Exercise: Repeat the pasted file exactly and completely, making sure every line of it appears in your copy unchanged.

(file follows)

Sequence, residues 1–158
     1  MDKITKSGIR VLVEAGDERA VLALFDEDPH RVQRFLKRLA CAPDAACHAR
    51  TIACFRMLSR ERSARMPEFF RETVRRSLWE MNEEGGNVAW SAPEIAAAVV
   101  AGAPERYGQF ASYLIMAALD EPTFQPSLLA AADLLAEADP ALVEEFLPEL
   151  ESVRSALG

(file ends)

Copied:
Sequence, residues 1–158
     1  MDKITKSGIR VLVEAGDERA VLALFDEDPH RVQRFLKRLA CAPDAACHAR
    51  TIACFRMLSR ERSARMPEFF RETVRRSLWE MNEEGGNVAW SAPEIAAAVV
   101  AGAPERYGQF ASYLIMAALD EPTFQPSLLA AADLLAEADP ALVEEFLPEL
   151  ESVRSALG